Q&A

Why would my client’s toenails just fall off?

Q.

Why would my client’s toenails just fall off? She’s lost both big toes and says her father did too. And now she’s lost the nail on her second toe. She is a runner and I think that might be the problem, but she has no pain and no discoloration. They just become loose and fall off.

A.

Trauma, especially repetitive trauma like running, will cause onycholysis, or the toenail falling off. This trauma may be completely painless. I find it commonly on the second toe in runners, and in the fourth toe in those wearing more pointy, fashionable shoes. Running shoes may be too big, and the sliding of the toe into the edge of the shoe can cause this. Shoes that are too small may cause this as well. The big toe can be affected. Also, trauma increases the likelihood of a fungal infection invading the toenail, which is a painless condition. A person with this condition would notice their nail thickening before it lifted off the nail bed.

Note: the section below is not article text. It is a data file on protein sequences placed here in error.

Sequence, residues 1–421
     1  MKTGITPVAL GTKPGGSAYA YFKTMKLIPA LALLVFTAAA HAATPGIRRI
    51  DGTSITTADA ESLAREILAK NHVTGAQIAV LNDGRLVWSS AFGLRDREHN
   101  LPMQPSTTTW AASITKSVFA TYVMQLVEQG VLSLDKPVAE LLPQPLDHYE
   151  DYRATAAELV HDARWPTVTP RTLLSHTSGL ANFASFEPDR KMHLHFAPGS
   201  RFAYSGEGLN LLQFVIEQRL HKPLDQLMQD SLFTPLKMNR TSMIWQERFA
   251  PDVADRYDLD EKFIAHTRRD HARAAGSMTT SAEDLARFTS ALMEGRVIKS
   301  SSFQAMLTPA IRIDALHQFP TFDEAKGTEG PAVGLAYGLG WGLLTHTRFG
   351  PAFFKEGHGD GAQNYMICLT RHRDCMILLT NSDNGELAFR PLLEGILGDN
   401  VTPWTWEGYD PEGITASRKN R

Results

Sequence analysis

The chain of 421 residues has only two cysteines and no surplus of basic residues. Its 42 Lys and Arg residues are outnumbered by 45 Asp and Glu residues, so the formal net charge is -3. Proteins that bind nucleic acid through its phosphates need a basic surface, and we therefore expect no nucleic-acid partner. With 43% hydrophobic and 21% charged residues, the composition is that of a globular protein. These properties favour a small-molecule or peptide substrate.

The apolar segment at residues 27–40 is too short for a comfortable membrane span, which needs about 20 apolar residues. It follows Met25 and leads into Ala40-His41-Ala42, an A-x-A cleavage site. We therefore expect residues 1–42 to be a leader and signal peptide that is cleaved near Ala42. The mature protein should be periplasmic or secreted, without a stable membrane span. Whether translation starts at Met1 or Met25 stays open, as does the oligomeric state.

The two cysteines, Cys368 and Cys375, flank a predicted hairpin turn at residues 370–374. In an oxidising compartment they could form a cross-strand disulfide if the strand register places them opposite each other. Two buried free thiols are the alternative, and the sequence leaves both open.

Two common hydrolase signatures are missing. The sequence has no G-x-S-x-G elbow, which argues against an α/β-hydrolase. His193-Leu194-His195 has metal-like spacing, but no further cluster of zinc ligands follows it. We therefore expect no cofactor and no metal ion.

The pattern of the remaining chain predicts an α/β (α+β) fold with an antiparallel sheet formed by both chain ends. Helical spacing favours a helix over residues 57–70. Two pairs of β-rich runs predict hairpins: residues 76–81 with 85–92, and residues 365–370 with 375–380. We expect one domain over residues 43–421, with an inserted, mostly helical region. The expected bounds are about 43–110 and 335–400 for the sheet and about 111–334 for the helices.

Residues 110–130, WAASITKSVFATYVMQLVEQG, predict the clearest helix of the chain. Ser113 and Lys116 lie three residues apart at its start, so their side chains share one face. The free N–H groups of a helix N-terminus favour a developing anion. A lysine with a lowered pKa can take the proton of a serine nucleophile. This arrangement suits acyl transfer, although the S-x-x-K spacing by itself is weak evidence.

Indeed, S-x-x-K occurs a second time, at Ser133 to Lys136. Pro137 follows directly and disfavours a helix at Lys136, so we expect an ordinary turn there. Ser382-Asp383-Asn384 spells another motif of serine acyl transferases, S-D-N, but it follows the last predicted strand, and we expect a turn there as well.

The tendency to have fungal nails is definitely inherited, so this may also be a cause of the loss of your client’s toenail. A podiatry visit is recommended, so the nail can be helped to grow back cosmetically. Once a nail is damaged, the matrix can also be damaged. A timely visit to the podiatrist can help grow the nail back without incident.

— Johanna Youner, D.P.M., is attending podiatric physician and surgeon at New York Downtown Hospital and is also in private practice in New York City.

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